AMN Reviews: Daedalus Quartet – George Perle String Quartets 2, 5 & 8 & Molto Adagio

Daedalus Quartet: George Perle String Quartets 2, 5 & 8 & Molto Adagio [Bridge 9398]

George Perle (1915-2009) was a composer known for developing a flexible twelve-tone method of composition that avoided the mechanistic constraints of serialism and fostered work that included expansive, often expressive harmonic relationships. Although he followed the serialist practice of composing with all twelve pitch classes, he used them in such a way as to create lyrical music that often suggested nearly-conventional key centers or modes. Thus, he described his music as “twelve-tone tonality,” or “twelve-tone modality.” With the exception of the explicitly tonal String Quartet No. 2 in D Minor of 1942—itself a highly chromatic work—the compositions on the present recording embody Perle’s highly personal version of twelve-tone music.

String Quartet No. 5, dating from 1960, is a three-movement work that alludes to sonata form. The first movement contains a recurring and varying motif centered on a descending line set to a steady quasi-andante tempo. The motif and its variations are voiced by the four instruments, most strikingly by the cello. Throughout, the piece is notable for its lyrical contour and rhythmic cohesion. The single-movement String Quartet No. 8 (1988), titled “Windows of Order,” is built up canon-like from brief motifs which serve as the starting point for the transparent counterpoint that follows. As with the fifth quartet, the eighth quartet puts all twelve pitch classes at the service of a music of great feeling as conveyed through an essentially melodic sensibility.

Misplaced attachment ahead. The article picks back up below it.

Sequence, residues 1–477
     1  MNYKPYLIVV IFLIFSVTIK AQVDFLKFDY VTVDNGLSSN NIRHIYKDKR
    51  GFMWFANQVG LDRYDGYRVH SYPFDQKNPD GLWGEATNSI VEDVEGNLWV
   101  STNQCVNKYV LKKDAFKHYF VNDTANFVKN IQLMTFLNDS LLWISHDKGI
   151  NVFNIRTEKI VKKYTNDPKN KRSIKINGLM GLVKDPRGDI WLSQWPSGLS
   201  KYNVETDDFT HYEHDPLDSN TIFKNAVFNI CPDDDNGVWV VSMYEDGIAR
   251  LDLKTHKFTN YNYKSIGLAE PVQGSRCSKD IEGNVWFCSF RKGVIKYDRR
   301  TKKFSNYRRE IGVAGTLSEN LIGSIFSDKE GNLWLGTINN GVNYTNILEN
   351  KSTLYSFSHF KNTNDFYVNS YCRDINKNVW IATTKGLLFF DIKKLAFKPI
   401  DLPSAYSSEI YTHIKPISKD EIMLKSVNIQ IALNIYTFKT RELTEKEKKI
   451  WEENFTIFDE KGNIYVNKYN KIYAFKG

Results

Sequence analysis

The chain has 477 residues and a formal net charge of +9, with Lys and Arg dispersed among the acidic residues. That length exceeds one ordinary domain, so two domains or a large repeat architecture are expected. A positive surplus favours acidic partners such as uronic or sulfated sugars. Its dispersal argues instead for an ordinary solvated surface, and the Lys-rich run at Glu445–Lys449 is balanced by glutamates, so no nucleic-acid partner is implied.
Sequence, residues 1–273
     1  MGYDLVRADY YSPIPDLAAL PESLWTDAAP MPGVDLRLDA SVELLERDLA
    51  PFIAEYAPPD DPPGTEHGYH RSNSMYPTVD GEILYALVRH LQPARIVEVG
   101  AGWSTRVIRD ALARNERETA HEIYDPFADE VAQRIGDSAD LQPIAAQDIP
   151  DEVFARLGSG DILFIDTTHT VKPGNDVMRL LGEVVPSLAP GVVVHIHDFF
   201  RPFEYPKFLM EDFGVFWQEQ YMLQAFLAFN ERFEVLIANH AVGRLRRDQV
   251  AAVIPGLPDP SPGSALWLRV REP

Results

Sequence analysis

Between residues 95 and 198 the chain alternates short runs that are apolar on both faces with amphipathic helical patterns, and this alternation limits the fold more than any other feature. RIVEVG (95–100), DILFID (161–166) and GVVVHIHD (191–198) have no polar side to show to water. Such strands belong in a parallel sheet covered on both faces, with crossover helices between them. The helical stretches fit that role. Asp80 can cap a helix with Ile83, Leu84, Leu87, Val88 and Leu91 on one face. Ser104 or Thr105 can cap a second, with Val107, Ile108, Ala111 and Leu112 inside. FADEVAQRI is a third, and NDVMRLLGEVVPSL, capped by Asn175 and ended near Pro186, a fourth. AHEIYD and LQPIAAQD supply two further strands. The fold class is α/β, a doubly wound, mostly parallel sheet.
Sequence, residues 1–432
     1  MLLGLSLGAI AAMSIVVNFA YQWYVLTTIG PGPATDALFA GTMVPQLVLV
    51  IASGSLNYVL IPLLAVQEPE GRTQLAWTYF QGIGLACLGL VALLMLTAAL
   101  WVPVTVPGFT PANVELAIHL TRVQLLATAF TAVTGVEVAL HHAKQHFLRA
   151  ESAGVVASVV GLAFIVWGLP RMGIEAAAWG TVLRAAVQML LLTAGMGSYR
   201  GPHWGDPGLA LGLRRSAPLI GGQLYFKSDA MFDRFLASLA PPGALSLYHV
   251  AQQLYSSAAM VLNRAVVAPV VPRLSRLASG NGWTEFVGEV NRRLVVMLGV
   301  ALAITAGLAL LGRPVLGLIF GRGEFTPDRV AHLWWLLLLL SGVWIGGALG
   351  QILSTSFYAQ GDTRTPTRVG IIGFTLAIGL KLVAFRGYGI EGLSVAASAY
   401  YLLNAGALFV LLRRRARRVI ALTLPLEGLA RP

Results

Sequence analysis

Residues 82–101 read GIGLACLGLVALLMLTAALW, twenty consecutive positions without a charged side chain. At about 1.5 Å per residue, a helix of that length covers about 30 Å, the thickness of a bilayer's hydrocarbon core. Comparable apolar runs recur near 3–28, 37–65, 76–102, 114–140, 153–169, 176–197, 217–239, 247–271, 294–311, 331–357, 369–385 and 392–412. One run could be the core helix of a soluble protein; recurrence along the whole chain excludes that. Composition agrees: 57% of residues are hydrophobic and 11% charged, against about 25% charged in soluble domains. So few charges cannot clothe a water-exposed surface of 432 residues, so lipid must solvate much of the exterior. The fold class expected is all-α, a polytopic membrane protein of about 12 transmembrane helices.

The hallmark of these works—including the early (1938) Molto Adagio—is their contrapuntal drive and clarity, which are brought into high relief by the Daedalus Quartet’s fine performances. Finely plotted counterpoint that conserves a sense of melody is a feature of much of Perle’s work, but here in the setting of the string quartet it’s made all the more dramatically apparent.

Very highly recommended.

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